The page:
Ask anyone who has lived or visited Oregon; this is a fantastic place to live, work and play. There is a reason why Oregon is a popular U.S. travel destination. We love our mountains, valleys, rivers, lush, rugged coast, arid plains and fertile fields. I think Travel Oregon sums it up best:
Why Oregon? Because Oregonians are wild, adventurous and inquisitive. Oregon is a place where people often find themselves roaming endlessly with no other goal than the next great meal, powdery slope, lighthouse view or salmon run. We encourage you to approach Oregon the way Oregonians do, with a sense of humor and adventure. So giddy-up! You’ve got some Oregon exploring to do…
So here are some facts about our state (compiled by Travel Oregon) that you may know have known:
• Oregon is the 10th largest state in the union, covering 97,073 square miles.
• The population of Oregon is only 3.4 million, with 1.5 million living in the Portland area.
• Oregon has no sales tax.
• Oregon’s birthday is Valentine’s Day, February 14, 1859
• The highest elevation point is Mt. Hood at 11,239 feet, and the lowest is at sea level.
• There are more than 6,000 lakes and 112,000 miles of rivers and streams.
• Oregon contains more than 5,900 registered campsites along with 230 state parks and 13 national forests.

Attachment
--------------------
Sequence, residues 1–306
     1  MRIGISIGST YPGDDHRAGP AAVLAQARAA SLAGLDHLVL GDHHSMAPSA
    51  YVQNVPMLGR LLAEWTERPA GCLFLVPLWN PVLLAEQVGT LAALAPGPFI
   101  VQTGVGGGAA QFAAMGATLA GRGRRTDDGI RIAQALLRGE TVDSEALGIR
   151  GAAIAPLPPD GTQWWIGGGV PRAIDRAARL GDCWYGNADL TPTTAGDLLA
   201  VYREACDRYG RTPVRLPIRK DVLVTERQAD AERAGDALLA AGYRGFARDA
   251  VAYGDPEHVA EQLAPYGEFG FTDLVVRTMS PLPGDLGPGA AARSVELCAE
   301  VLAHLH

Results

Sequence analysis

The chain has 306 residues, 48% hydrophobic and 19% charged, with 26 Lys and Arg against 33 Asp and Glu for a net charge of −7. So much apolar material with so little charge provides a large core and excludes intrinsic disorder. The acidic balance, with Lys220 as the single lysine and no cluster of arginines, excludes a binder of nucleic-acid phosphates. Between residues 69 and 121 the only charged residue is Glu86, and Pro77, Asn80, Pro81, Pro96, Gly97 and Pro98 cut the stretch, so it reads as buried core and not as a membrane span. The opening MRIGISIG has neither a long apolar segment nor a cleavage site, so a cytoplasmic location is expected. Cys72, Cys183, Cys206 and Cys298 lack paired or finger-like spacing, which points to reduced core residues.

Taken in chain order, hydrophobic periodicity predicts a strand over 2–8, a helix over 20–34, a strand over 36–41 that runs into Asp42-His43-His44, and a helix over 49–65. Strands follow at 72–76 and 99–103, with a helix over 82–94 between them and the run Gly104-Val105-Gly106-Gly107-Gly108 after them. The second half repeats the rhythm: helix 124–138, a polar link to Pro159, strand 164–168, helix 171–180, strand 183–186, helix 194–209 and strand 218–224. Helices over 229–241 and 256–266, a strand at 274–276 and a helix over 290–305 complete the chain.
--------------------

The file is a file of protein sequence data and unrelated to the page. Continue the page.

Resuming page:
• Nearly half of Oregon’s total area is forested – close to 30 million acres.
• There are 16 known hot springs in Oregon.
• At 1,932 feet, Crater Lake, located in Southern Oregon is the deepest lake in the United States.
• Located in the Northeastern corner of the state, Hells Canyon is the deepest river-carved gorge in North America. At 7,900 feet, it’s deeper than the Grand Canyon.
• The John Day Fossil Beds National Monument is one of the richest fossil bed sites in the world.
• In the Klamath Forest National Wildlife Refuge, visitors can view more than 1,000 majestic bald eagles – the largest concentration of wintering bald eagles in the U.S.
• The Malheur National Wildlife Refuge is home to the largest freshwater marsh in the U.S.
• Oregon has 12 commercial downhill ski areas, with 400 trails in three mountain ranges.
• Naturally carved within an outcropping of solid marble, Oregon Caves National Monument is one of southern Oregon’s oldest attractions.
• Oregon has four National Historic Trails and 14 National Historic Districts.
• Oregon has more than 7,000 bridges, including 53 covered bridges.
• There are nine lighthouses and one light ship along the Oregon Coast.
• Oregon is pronounced OR-UH-GUN, never OR-EE-GONE.
• There are currently 17 ghost towns in Oregon.
• The Oregon hazelnut is the state’s official nut, and Oregon grows 99 percent of the entire U.S. commercial crop.
• The pear is Oregon’s state fruit, ranking as the top-selling tree fruit crop.
• There are more than 700 vineyards in Oregon, planted on about 13,700 acres. In the 2004 vintage, there were 19,400 tons of wine grapes harvested, and nearly 1.2 million cases of wine made. Oregon produces more than 40 different varietals of wine grapes.
• Letting an attendant pump your gas is mandatory; you may not pump your own in the state of Oregon.